Microsoft opens the .NET Framework libraries

Microsoft opens the .NET Framework libraries

Summary: Something good for developers today from Microsoft. They're releasing up the source code for the .


Microsoft opens the .NET Framework librariesSomething good for developers today from Microsoft. They're releasing up the source code for the .NET Framework libraries. They aren't open sourcing it because you can't modify or distribute the source, but it's going to give developers some insight into how the framework was built and will help with debugging as well. The code will be provided with the and Visual Studio 2008 which will be released later in the year.

What's cool for RIA developers is that the Windows Presentation Foundation libraries will be included in the open release. That means you can get a look at how the WPF controls were built and also aid in the debugging and creation of WPF applications. I'm not sure which parts (if) any of the Silverlight libraries would be included, but Scott alludes to other libraries that might be opened up. It's all being released under the Microsoft Reference License.

It's a good move to make Microsoft more open, but the ultimate beneficiaries will be developers. I think it also has wider implications for the RIA world. RIA technologies are generally becoming more open. Flex is open sourced, WPF is now more open, the ActionScript Virtual Machine is open sourced (as the Tamarin project). One of the big complaints is that RIA technologies aren't open and standards based, but there seems to be a move more in that direction. Hopefully the web-crowd will recognize that and respond accordingly.

Topics: Microsoft, Software Development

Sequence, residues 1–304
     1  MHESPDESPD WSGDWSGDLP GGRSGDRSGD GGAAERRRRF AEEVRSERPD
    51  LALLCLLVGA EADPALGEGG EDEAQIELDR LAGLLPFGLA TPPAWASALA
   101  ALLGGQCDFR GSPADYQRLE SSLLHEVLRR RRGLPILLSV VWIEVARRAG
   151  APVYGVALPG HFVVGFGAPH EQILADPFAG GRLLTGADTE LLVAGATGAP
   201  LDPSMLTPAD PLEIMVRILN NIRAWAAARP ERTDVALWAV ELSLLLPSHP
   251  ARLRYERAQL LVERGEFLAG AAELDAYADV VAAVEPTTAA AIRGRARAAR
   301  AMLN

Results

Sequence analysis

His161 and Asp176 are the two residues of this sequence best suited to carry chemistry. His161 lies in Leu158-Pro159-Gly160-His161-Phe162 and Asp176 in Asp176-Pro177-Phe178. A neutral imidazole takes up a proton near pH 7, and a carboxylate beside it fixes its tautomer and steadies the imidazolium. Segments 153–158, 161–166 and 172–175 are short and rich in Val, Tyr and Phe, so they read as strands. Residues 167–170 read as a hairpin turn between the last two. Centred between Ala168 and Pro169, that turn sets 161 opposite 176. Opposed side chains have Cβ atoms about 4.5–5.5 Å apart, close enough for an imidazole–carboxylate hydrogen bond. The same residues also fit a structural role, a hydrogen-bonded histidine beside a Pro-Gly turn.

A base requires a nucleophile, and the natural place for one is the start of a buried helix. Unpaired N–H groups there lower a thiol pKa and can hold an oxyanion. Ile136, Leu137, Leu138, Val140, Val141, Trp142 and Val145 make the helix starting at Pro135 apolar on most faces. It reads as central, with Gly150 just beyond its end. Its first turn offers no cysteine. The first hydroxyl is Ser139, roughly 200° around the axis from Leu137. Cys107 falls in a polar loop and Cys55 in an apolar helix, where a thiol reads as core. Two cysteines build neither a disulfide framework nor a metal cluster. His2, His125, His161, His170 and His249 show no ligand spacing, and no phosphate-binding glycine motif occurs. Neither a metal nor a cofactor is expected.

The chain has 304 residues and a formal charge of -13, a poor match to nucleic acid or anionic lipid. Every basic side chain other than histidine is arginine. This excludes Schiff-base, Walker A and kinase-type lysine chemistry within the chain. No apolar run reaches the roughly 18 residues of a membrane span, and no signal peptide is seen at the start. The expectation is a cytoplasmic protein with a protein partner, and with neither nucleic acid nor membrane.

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  • Wow

    Can't believe that.
  • The question is...

    ...Why now?
    D T Schmitz
    • The answer is...

      ...Why not!
      • Open-Source Mono Trap?

        D T Schmitz
        • Good news actually

          Mono had always been a oddity in the *nix world. It was never going to be 100%
          compatible with MS's project, excluding it from the enterprise (no certification).

          Then came the Novell deal that gave patent protection only to Novell customers.
          Novell is committed to mono in it's SUSE derived products but for many of us Java
          is a better way to go.

          It took too long but Sun finally released Java under an open source license. Only a
          few bits of licensed proprietary code remain to be replaced. Java & Eclipse's SWT
          looks like a better long term proposition for the open source community.

          The potential for polluting the mono codebase via MS opening (look but don't
          touch) of the libraries and constant IP threats against Linux should ensure it.
          Richard Flude
          • "look but don't touch"

            Perhaps we should call the MS-Reference License something more apt, like the Museum License, or the Hemlock License(read: <a href="">Socrates' death</a>).
            Tony Agudo
          • Poison Ivey nt

            Ole Man